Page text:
A look ahead at the key events leading the news agenda next week, from the team at Foresight News. Delivered to your inbox on Fridays.
Leading the week
The climate policy debate that has flared up since last week’s byelections rumbles on as oil and gas giant BP announces its results on Tuesday (August 1). British Gas caused an uproar yesterday when it posted record profits of nearly £1 billion – poverty campaigners labelled the figures ‘obscene’ during a cost-of-living crisis, while Shadow Climate and Net Zero Secretary Ed Miliband called for an amendment to the windfall tax on oil and gas. Lower-than-expected earnings (a mere £4 billion in profits) for Shell didn’t stop accusations that it’s putting shareholders before the planet, and while BP is expected to suffer likewise from falling commodity prices, similar headline figures will almost certainly draw further ire and calls for action.
But in the electoral sphere, green policies and the climate have proven to be a divisive issue. The Uxbridge by-election saw the Conservatives achieve an unlikely hold, something they and the Labour party were quick to blame on Mayor of London Sadiq Khan’s ULEZ expansion, which go ahead on August 29 after a legal challenge by five Conservative-led councils failed this morning.
Green campaigners worry this could become a crossroads in the push for Net Zero, with doubts forming on both sides of the Commons. Tory cabinet members have urged Rishi Sunak to ditch eco policies such as a ban on petrol car sales by 2030 and scrapping gas boilers. In the wake of the Uxbridge result, Labour leader Keir Starmer urged Khan to reflect on the ULEZ expansion, while the party had already watered down its £28 billion green prosperity plan in favour of ‘fiscal responsibility’.
Any lingering hopes that UK policymakers would begin to change course on interest rates over the second half of this year look set to be dashed when the Bank of England announces its latest rate decision on Thursday (August 3). The global consensus on high rates remains fixed for now: the IMF predicted this week that rates would need to remain high until the end of 2024, while the Fed and ECB (again) increased rates to record-high levels. The Bank is also due to release a Monetary Policy Report on Thursday, which should at least give an indication of when Threadneedle Street expects the direction of travel to change. Perhaps more noteworthy will be the central bank’s analysis of the UK’s stubbornly high food inflation, which it’s producing after meetings with the food sector and a review of CMA data.
Russian opposition leader Alexei Navalny is back in court on Friday (August 4) to hear the verdict in his latest trial, in which he’s accused of creating an extremist community and using his NGO to incite people to commit crimes. Prosecutors have asked for a 20-year sentence in a maximum security penal colony if Navalny is found guilty, and 10 for his co-defendant Daniel Kholodny. Navalny is already serving over a decade in prison after being convicted of fraud last year and has spent much of the time in solitary confinement. He maintains that all charges against him are politically motivated, accusing the Russian courts of being governed by ‘bargaining, power, bribery, deception, treachery…and not law.’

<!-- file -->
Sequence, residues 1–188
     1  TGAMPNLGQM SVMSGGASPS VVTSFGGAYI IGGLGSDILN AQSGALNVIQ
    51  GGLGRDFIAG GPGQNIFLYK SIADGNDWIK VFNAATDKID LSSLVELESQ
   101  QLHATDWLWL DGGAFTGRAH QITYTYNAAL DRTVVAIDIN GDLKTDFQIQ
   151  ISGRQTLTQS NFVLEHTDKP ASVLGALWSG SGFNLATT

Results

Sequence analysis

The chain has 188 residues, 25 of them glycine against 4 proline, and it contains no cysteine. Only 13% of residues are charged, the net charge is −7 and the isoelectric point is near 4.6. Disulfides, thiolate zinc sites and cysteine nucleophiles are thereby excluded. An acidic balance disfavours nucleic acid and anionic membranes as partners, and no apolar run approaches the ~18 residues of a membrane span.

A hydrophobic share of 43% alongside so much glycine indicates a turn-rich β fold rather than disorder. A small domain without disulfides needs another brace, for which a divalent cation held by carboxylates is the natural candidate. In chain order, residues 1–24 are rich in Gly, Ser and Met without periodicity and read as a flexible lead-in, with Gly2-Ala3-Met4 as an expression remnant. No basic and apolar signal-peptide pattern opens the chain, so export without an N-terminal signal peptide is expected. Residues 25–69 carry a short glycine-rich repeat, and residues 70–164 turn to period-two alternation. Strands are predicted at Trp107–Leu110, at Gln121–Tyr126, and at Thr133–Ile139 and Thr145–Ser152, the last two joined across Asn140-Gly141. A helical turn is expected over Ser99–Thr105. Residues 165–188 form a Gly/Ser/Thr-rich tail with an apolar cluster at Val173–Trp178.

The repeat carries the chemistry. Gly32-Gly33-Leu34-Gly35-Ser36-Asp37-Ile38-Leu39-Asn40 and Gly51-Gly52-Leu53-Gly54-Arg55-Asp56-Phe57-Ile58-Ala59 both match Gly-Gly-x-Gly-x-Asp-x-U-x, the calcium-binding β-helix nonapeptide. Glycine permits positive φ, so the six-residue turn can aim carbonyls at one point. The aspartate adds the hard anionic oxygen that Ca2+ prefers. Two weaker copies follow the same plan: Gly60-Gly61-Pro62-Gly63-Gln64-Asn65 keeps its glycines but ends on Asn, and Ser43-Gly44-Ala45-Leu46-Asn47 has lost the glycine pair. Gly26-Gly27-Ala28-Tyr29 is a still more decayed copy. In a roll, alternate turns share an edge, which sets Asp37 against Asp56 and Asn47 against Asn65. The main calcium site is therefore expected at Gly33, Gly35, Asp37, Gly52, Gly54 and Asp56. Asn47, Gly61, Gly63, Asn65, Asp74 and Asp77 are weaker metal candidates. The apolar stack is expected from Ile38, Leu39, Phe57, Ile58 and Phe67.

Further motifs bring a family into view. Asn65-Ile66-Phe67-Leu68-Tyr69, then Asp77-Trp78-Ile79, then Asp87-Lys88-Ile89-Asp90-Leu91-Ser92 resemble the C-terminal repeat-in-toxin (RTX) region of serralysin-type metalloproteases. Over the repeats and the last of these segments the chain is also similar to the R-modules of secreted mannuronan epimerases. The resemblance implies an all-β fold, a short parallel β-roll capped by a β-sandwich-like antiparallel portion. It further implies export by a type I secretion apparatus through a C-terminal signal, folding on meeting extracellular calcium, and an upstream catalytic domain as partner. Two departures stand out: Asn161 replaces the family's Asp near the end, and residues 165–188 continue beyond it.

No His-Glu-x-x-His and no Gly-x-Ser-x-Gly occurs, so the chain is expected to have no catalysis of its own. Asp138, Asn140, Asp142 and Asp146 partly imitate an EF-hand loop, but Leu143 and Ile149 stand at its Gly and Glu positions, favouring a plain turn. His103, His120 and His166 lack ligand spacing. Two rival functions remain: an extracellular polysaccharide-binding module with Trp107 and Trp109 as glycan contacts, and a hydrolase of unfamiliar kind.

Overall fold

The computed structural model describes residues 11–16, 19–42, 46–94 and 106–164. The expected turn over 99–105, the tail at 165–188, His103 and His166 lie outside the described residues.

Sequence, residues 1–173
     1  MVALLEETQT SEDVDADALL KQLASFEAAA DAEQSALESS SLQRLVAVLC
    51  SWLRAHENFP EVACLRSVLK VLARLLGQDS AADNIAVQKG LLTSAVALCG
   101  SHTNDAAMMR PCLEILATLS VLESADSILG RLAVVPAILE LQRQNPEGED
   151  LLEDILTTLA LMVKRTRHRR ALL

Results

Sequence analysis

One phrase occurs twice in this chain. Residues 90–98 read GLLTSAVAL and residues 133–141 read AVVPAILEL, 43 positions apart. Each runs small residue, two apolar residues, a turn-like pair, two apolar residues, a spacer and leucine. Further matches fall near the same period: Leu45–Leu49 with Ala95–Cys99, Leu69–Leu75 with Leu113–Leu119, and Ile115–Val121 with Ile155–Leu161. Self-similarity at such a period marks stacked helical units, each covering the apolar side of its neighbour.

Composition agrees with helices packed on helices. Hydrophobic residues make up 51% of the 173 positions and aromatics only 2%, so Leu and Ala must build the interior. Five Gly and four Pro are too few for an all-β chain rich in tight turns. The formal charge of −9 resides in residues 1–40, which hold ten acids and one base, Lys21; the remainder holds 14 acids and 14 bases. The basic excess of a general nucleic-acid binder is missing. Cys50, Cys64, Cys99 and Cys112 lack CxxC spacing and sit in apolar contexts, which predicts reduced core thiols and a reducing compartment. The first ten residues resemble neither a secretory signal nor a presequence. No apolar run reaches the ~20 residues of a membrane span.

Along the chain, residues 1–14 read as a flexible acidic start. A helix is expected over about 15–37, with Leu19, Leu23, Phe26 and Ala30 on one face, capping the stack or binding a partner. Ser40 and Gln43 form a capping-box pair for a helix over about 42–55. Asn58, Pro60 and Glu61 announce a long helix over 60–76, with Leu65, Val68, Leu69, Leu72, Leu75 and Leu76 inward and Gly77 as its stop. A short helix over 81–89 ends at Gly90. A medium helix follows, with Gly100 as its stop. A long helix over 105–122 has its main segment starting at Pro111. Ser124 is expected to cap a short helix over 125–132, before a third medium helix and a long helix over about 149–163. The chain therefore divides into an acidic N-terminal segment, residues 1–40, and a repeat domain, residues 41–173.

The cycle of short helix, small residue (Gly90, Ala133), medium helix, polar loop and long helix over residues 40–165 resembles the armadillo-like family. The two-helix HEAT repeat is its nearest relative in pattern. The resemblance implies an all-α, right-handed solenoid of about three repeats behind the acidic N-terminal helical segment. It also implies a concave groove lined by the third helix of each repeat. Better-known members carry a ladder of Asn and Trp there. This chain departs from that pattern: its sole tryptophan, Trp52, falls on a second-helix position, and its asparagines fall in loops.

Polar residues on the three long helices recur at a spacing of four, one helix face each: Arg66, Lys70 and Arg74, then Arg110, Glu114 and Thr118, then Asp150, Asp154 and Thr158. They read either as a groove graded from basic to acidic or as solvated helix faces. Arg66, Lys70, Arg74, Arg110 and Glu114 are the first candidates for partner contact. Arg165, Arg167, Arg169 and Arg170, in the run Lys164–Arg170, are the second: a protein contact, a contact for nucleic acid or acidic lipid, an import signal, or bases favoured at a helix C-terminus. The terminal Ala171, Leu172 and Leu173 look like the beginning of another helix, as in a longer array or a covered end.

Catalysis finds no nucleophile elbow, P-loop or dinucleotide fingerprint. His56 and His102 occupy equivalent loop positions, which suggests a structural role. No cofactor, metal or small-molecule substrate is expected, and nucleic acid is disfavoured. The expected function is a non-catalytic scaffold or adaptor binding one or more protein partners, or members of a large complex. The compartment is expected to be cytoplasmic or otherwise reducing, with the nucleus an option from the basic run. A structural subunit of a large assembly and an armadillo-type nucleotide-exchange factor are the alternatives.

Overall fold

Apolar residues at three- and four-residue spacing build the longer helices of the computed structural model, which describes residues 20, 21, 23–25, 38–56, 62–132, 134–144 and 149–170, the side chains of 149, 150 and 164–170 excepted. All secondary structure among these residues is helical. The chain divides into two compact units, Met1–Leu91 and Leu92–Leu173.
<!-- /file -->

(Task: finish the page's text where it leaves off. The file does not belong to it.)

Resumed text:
Thailand’s political crisis continues into next week as the National Assembly attempts to select a prime minister following a surprise victory for progressive parties in the May 13 election. The assembly rejected Move Forward’s leader Pita Limjaroenrat at its first sitting in June, after conservative senators refused to support him over plans to amend the country’s strict lese-majeste law.
At a second sitting last week, Pita was blocked from standing after legislators said his renomination broke parliamentary rules against a failed motion being brought back before the same session. His supporters argue that the convention doesn’t apply to selecting a prime minister, and have asked the Constitutional Court to rule that barring Pita was unconstitutional. The court will hear those petitions on Thursday (August 3), potentially clearing the way for a third vote in the assembly on Friday (August 4) if a ruling is issued.
The constitutional drama comes ahead of the planned return of former prime minister Thaksin Shinawatra on August 10 after more than 15 years in self-imposed exile. Shinawatra, who was ousted in a coup in 2006, remains a figurehead of the Pheu Thai party, which is poised to nominate its own candidate for prime minister – with Shinawatra’s daughter Paetongtarn among the frontrunners for the nod. A Pheu Thai prime minister would be at odds with the country’s police, who have threatened to meet Shinawatra at the airport on his return to carry out long-standing arrest warrants for the corruption charges that have kept him out of the country.